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Kristofor Husted/MEDILL

Napa Valley, Calif. winemakers and analysts keep busy during the winter season by monitoring the dormant vines and aging wines.


For winemakers, winter not offseason

by Kristofor Husted
Feb 25, 2011


Just because the vines are sleeping in Napa Valley, Calif., it doesn’t mean the winemakers are.

To them, there is no offseason.

Napa's wine industry’s economic impact on the country reaches more than $42 billion, according to the 2008 Stonebridge research report. It doesn’t get to those levels without around-the-clock attention.

So while the vines slumber and prepare to push out the first buds in a few weeks, the winemakers are working on both sides of the grape: before the grape appears and after the grape is crushed.

Before the grape

Winemaker Kristin Belair of Honig Vineyard and Winery monitors the weather, soil and plant conditions of the property.

“It’s a maritime climate,” she said. “The valley is influenced by the fog coming in from the San Francisco Bay, up through San Pablo Bay and also from the Russian River.”

The temperature can swing 30 degrees throughout the course of a day. Because of that, winemakers and vineyard managers have to keep an eye on frost and overheating.

That heat wave in early February, which hit 80, concerned the winemakers who were worried about the heat forcing an early budding season.

The Honig winery is located in the Rutherford district. Each district, or appellation, comprises diverse soil types.

“I think there are as many as 30 different soil types in the Napa Valley,” Belair said.

The sand, loam and gravel soil composition of the Honig winery site lends itself to growing some of the valley’s premiere Sauvignon Blanc.

Ensuring the vines have a healthy environment to sleep in protects the future quality of the grape and eventually the wine.

After the grape

The already crushed grapes sit aging in barrels and tanks across the valley. Winemakers monitor the levels of multiple components in the wine.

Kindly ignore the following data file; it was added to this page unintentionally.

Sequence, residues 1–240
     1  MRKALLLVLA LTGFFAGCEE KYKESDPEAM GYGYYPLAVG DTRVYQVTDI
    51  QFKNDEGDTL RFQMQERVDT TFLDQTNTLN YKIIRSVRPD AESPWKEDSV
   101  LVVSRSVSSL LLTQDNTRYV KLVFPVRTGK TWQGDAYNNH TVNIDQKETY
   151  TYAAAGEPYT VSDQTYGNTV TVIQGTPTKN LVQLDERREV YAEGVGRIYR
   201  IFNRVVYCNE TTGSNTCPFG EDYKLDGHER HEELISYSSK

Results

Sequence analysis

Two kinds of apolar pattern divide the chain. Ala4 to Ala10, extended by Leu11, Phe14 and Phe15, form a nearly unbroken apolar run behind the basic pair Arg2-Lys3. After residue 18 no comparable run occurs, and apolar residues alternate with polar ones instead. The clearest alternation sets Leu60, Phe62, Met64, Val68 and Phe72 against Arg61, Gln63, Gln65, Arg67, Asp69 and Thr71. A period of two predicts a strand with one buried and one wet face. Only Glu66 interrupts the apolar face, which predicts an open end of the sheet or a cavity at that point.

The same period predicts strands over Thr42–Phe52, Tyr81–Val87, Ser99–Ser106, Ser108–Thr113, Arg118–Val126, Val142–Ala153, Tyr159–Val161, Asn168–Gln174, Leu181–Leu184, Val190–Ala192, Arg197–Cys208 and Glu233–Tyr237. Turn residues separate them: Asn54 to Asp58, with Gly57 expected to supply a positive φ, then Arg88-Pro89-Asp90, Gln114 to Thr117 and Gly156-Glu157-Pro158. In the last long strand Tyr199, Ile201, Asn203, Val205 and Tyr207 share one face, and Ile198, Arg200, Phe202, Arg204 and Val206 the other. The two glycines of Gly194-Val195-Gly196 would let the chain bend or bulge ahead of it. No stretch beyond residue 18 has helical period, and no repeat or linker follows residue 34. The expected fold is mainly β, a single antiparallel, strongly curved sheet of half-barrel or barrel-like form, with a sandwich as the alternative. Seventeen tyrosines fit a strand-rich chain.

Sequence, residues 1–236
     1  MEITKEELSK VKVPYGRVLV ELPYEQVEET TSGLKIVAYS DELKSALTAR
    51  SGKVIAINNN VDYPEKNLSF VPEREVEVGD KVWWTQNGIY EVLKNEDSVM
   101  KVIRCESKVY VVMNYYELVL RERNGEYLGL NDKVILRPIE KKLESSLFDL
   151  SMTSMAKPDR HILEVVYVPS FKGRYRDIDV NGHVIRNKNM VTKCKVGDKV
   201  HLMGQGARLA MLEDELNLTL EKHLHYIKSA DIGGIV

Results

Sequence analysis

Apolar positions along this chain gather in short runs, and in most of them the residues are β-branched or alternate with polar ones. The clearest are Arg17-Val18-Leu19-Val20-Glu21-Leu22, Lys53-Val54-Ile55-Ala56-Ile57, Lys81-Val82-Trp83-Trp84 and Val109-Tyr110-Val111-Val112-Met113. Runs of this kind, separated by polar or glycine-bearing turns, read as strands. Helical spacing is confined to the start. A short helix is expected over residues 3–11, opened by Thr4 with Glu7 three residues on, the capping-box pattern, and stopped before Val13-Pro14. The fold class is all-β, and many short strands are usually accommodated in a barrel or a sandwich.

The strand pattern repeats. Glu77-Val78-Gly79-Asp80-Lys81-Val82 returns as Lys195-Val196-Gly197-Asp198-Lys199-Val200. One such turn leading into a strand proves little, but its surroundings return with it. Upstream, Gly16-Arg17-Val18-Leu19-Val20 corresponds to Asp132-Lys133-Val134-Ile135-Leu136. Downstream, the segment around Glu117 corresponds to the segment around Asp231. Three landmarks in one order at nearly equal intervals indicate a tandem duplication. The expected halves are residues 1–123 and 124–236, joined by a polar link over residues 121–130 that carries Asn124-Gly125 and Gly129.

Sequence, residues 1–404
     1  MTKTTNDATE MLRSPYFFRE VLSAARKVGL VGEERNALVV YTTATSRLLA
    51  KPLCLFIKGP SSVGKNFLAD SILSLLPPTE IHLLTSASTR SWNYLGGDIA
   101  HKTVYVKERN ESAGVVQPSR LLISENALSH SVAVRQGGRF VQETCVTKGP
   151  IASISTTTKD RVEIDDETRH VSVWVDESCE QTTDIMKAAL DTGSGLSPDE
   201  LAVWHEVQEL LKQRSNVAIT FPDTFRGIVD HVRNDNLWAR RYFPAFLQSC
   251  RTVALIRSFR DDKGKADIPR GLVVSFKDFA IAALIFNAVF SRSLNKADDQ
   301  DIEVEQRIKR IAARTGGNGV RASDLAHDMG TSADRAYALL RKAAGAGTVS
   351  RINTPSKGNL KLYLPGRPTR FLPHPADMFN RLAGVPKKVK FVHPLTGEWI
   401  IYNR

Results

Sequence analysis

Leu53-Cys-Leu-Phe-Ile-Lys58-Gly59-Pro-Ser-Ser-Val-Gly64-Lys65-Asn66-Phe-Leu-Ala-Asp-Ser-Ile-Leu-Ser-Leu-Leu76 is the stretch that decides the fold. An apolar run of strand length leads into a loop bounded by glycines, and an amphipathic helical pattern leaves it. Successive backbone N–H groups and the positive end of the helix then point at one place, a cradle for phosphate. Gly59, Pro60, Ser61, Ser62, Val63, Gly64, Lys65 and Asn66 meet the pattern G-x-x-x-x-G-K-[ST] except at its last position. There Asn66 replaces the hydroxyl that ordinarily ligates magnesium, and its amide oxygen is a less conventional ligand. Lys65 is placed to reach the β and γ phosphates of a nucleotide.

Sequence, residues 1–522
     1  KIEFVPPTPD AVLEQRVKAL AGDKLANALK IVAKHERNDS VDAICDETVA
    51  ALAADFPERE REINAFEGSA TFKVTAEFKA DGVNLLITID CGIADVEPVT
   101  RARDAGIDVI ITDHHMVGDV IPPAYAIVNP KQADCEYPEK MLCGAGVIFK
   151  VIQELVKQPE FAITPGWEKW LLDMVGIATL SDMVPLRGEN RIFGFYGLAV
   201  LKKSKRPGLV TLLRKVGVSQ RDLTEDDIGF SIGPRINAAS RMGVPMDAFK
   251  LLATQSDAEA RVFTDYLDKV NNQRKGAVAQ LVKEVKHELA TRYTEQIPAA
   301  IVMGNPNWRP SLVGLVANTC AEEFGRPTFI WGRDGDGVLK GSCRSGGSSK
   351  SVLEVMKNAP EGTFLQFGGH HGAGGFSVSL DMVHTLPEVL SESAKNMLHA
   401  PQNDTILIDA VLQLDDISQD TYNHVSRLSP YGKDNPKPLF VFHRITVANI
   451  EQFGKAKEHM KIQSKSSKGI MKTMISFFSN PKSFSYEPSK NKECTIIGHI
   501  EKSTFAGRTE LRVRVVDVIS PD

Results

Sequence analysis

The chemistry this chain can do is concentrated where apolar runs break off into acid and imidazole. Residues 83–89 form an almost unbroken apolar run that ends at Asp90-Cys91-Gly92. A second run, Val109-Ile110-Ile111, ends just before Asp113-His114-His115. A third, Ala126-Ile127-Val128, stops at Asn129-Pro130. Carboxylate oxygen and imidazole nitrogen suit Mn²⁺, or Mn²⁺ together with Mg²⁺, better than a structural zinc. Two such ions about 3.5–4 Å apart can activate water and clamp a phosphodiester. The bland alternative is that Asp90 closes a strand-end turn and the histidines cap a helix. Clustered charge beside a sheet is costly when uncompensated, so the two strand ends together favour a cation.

Balancing the qualitative tastes of a winemaker’s palate and the quantitative measurements of components helps guide a winemaker with blending, aging and bottling decisions.

At Napa Valley Think Tank in St. Helena, Calif., wine analysts calculate these quantitative values for winemakers.

The most important test is a quality control panel, according to Mona Ostrander, technical director of Think Tank.

“The three main components that winemakers are really interested in are free [sulfur dioxide] levels, total [sulfur dioxide] and volatile acidity,” Ostrander said.

Sulfur dioxide works as a preservative and each type of wine requires a specific level.

Winemakers use these measurements to monitor the levels of components, to test levels within experimental trials and to keep a historical record for reference.

Expanding

Think Tank just finished up a successful first harvest in 2011 and in turn is expanding the analyses available for winemakers.

As a brand new lab, Think Tank is as clean as it is sleek. And because not all wineries can afford to keep an enologist or wine analyst on staff full-time, winemakers in the valley are starting to pop in to the white stucco building on Main Street for help.

“A real treat is you have real well-known winemakers from Napa Valley walking in here with their samples,” Ostrander said. “You get to meet them and talk to them directly.”

Ostrander’s office is stacked to ceiling with recently delivered, large boxes. The cardboard building looks like the fortress most kids would dream of playing in. She doesn’t mind her office being overtaken though, because unlike the kids, she is more excited about the brand new equipment in the boxes.

“The new equipment will allow us to do a whole range of new analyses on the microbiological characteristics of wine,” said Think Tank general manager Karen Fischer. “We’re also bringing a whole bunch of new equipment for phenolic, color, aroma and flavor analyses.” (Phenols are chemical compounds found in plants.)

One-stop shop

Think Tank isn’t just a lab though. Visitors can pick up everything from a bag of yeast to a spare part for a broken tank. They can also use the conference room to host technical tastings. It’s become somewhat of a community center for winemakers.

“I’ve felt for the past six or seven years that there should be a place that appeals to winemakers where you can come and get the tools you need, analysis you need, a place to share ideas—something that will become part of the community,” said managing partner Andy Erickson.

Relaying and sharing information between winemakers is important for improving the quality of wine in Napa as a whole, according to Erickson.

“There’s data and there’s information,” he said. “Data is what you get when you measure all these things. What we really want is information. Information is what you can use to make a decision.”